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We’re not a terribly religious family, but we believe in taking a moment before we sit down for dinner to reflect on all which we are thankful for. We regularly let Emerson lead, and it’s great to hear what is important to her. One time Emerson closed with, “Wyoming” instead of amen (the previous night we read a book about the 50 states). It has become one of the “things” we now say at times when, “I agree,” or “amen” would be appropriate. And somehow, this word is more appropriate at many different times.
Today I type this with both hands, and with no pain. This morning for the first time since February, I was able to open the jar of coconut oil without some crazy setup with a silicone mat and my feet. Last night, I slept through the whole night without waking up so a stiff throbbing (or asleep) hand. I drove to work with my hands on 10 and 2. I can get in and get out my contacts. When Emerson stubbed her toe, I picked her up with both hands, and gave her a two-armed bear hug.
The past two months have sucked. I felt helpless, useless, a burden. On top of the injury, I had work stress and then was completely disconnected from the office thanks to short term disability. I couldn’t blog, I couldn’t write, I couldn’t drive and get away. Personal situations took place that were upsetting, overwhelming, and out of my control. I couldn’t talk about my situation because it just seemed like whining, and I needed to be strong in front of my daughter. I got back to work and felt as though I didn’t have a place any more. My regular suit of armor, my personal style, which gives me strength to get through tough times was unavailable.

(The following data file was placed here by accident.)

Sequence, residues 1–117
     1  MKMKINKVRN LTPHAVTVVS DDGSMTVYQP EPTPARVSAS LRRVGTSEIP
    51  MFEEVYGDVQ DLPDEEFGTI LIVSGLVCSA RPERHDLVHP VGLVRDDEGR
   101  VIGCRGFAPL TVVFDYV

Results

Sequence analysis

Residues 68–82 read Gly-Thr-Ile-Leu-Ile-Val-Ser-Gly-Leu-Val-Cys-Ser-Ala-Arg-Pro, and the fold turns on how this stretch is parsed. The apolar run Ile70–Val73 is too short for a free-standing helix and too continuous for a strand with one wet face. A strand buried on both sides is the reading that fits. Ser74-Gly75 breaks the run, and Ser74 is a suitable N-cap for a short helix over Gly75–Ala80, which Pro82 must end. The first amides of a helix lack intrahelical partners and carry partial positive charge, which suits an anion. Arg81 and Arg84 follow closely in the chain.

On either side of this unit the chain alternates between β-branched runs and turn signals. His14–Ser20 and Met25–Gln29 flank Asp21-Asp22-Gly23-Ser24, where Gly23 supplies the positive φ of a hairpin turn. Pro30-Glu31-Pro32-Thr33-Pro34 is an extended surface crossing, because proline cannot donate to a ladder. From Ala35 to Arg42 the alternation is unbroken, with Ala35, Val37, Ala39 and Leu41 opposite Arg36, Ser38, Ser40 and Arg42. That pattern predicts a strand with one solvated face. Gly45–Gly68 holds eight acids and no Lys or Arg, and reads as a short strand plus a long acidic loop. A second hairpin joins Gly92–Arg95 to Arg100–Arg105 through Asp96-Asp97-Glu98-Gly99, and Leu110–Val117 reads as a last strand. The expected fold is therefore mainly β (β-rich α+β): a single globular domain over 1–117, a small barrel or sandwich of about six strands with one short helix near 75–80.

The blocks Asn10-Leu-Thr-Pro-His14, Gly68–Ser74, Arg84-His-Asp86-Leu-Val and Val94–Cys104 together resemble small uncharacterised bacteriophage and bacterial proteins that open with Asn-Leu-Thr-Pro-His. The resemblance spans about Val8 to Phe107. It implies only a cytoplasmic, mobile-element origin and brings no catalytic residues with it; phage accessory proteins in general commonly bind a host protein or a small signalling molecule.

It affected my sense of self and my relationships with loved ones. It made me not want to create, to write, and it sure made me not give a damn about how I looked. The recent outfit photos? There were a few tears during them because I felt so ugly, so fat, so stupid. We did them indoors because I had such anxiety being outside on display. Karl said I had to force through even if I hated it because if I didn't I'd stop doing them all together, and he knows how much I love the blog. I just had to get back on the horse. Funny, my orthopedist said something very similar about getting back my hand and wrist – fight through the pain, work on it daily even though it hurts, or I may lose it forever.
I just got back from a short family vacation, one that was planned well before my broken arm and one I couldn’t cancel. I felt so guilty leaving work right after six weeks on disability, and feared it would jeopardize not just my job but the progress I was making on my arm. The drive down was long, and I spent it doing physical therapy. I practiced being able to again make a peace sign, sign I love you, give devil horns. When at my cousin’s house, I was constantly making a fist and then flexing my hand, pushing down my hand and then pressing it up to work the wrist. One day we went on a boat and the speed, choppy waves, and Emerson clinging to me left my hand a red swollen lump of pain. I didn't do my hair the entire time, hardly wore makeup, and lived in comfy knits and jeans. I let myself relax and focused on my healing and my family.
And now I am back to the real world… for real this time. I again am wearing clothing that makes me happy and feel put together, my makeup and hair are styled and in a manner than feels right for me. My strength is coming back in both my hand and in my spirit. It feels so good to come back.